By Capt. Joe Kent
In my role as the Fishing Columnist for the Galveston County Daily News, one of the most frequently asked questions comes from readers seeking information on areas they can fish without a boat. Close behind this are inquiries from mainly families wanting to know of free fishing piers or docks where they can take the kids fishing and crabbing.
Unfortunately, the answer to both sets of questions is that there is a very limited number of spots where anglers can access the water or fish from a public pier or dock without fees being involved.
This was not the case decades ago when pubic fishing piers dotted the area around the Galveston Bay Complex including Galveston Island itself.
If it were not for having fishing piers to use, it is possible that I would not have developed my passion for fishing and learned so much from other anglers fishing close by who taught me some of the basics of saltwater fishing.
Around Clear Lake, there were numerous crabbing and fishing piers where kids and their families could enjoy a morning or day of fishing. One of the few that remains and, it could be the only one on the lake, is the pier at the Harris County Park on NASA Road 1. As a small child, I fished and crabbed from that pier many times.
Although I am not sure just how long the pier and its predecessors have been there, it has been at least 70 years.
Along with the Harris County Park Pier, there were numerous piers running out into Clear Lake and all were open to the public although I am sure some were privately owned.
Clifton’s by the Sea had a huge pier running into Galveston Bay and it was known as one of the best crabbing spots around.
So, what has happened to all of our public fishing areas? Well, first of all with each passing hurricane or tropical storm, piers are badly damaged or wiped out. Since Hurricane Carla in 1961, most have not been rebuilt.
Commercial and residential waterfront development has caused many of our public locations with access to water to be taken away. This has been especially true along the west shoreline of Galveston Bay and all of Galveston Island and Bolivar Peninsula.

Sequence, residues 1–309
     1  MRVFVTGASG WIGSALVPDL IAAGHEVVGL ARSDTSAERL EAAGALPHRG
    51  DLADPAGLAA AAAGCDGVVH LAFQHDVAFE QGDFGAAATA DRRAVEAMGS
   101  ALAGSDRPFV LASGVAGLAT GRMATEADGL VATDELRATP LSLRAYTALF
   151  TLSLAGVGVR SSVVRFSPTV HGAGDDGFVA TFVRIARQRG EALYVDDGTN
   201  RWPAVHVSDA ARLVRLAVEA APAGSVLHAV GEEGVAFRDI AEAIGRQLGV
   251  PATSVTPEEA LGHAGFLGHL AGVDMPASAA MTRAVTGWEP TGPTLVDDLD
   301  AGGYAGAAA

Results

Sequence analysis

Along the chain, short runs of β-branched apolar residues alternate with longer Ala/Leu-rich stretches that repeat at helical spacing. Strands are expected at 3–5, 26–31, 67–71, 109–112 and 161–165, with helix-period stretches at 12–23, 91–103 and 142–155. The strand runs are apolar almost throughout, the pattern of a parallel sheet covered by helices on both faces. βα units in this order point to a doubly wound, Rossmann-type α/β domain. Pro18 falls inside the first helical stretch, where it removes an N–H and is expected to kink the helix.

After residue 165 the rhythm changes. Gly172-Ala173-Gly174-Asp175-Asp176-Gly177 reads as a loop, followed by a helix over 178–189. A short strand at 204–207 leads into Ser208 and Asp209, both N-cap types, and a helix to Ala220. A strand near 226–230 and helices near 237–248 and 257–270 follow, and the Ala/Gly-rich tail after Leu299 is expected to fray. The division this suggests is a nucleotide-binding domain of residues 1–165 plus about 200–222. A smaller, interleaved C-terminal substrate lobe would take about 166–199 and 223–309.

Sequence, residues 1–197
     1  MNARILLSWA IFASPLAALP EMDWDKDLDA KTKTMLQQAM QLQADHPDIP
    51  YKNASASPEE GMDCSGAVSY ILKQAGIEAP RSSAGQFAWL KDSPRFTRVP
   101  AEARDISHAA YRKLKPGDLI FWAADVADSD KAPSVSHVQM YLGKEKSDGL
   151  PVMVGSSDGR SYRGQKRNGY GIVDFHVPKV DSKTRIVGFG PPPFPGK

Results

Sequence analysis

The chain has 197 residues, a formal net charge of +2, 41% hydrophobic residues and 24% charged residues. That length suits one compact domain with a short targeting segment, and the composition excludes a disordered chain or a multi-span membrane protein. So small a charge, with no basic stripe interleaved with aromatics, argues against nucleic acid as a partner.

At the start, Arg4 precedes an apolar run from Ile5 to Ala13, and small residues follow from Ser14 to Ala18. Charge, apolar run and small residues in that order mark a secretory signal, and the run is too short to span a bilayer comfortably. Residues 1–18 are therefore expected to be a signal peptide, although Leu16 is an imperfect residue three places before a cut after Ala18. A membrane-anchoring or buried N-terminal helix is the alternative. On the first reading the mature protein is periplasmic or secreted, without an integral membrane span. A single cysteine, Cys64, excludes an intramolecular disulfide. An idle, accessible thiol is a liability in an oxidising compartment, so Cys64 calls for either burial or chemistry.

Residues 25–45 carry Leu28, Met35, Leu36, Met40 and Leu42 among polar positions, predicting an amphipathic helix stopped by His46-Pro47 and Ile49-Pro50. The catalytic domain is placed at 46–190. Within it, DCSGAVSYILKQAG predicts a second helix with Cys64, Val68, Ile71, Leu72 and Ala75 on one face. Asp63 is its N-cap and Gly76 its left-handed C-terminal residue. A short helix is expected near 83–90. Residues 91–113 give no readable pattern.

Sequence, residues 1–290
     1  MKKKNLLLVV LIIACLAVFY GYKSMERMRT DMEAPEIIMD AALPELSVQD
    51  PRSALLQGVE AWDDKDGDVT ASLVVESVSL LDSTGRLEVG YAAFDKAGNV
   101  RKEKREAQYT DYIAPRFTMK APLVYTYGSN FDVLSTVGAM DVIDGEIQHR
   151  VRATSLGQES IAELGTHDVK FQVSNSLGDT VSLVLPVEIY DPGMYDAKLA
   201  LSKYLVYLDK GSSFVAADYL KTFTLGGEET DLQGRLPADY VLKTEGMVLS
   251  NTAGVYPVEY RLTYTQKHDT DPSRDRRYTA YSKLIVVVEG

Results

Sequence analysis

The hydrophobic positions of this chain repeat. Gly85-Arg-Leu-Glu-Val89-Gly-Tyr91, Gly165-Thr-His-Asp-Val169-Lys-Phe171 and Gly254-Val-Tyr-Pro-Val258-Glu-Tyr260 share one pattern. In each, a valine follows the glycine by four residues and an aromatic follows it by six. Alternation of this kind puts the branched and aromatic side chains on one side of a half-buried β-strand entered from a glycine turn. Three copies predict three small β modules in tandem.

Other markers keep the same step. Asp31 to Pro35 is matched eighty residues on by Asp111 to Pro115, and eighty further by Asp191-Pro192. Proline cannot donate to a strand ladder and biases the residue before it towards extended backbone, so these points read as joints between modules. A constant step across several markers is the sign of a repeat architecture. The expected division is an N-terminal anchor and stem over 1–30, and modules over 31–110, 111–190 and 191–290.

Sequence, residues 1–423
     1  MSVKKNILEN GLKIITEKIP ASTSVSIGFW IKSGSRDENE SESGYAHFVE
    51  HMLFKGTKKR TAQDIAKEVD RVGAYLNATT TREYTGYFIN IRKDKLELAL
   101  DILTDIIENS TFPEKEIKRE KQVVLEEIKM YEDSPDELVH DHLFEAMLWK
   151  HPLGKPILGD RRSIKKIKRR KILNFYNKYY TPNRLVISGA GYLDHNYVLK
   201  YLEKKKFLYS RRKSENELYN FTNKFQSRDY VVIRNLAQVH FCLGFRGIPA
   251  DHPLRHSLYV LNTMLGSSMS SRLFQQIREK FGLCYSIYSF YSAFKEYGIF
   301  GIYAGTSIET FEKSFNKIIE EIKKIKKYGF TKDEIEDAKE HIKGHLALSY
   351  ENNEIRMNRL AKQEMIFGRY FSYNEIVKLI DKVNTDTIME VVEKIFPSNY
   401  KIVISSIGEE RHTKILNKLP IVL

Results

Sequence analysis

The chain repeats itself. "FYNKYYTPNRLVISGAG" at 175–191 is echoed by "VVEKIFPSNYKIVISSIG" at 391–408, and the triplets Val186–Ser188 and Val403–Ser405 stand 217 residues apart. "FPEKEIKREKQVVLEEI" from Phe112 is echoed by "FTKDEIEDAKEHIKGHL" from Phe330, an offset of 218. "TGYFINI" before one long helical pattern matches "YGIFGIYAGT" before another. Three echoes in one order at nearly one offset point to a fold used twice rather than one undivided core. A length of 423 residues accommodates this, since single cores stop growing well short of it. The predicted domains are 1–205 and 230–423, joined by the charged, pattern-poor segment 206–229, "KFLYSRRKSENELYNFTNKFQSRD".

Liability was not much of a concern back in the 1960s and beyond; however, that is not the case today. Back then people assumed the responsibility for their actions; however, today, a lawsuit is waiting for any possible recovery for injury, however so slight.
Another factor preventing the rebuilding and construction of public fishing piers is the cost. First, waterfront property is sky high and the costs of construction are likewise.
The victims of all of this are the families and youth. For the Galveston Bay Complex, there is not an easy way around all of this. Do municipalities and counties want to spend their limited resources on fishing piers or for something of more use to the masses such as roads and utilities? If fishing drew a larger percentage of the population, there likely would be some concessions.
In contrast to the Galveston Bay Complex, areas along the middle and lower Texas Coast continue to provide excellent facilities for families to use for crabbing or fishing. Driving down Highway 35 from Matagorda County southward, the number of free fishing spots just glares at you.
It would be interesting to know just how many visitors and tourists those nice fishing piers draw each year. Palacios, Port O’Connor, Rockport and Aransas Pass all have to be proud of their contributions to family outings. It would be nice if more of those facilities could be built closer to the Galveston Bay area!